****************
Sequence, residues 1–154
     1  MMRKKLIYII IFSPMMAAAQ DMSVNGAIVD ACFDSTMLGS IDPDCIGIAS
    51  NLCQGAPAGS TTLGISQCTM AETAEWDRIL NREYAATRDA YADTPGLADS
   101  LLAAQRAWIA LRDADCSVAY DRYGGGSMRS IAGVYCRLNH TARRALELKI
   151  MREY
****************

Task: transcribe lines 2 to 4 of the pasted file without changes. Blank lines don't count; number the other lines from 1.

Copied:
     1  MMRKKLIYII IFSPMMAAAQ DMSVNGAIVD ACFDSTMLGS IDPDCIGIAS
    51  NLCQGAPAGS TTLGISQCTM AETAEWDRIL NREYAATRDA YADTPGLADS
   101  LLAAQRAWIA LRDADCSVAY DRYGGGSMRS IAGVYCRLNH TARRALELKI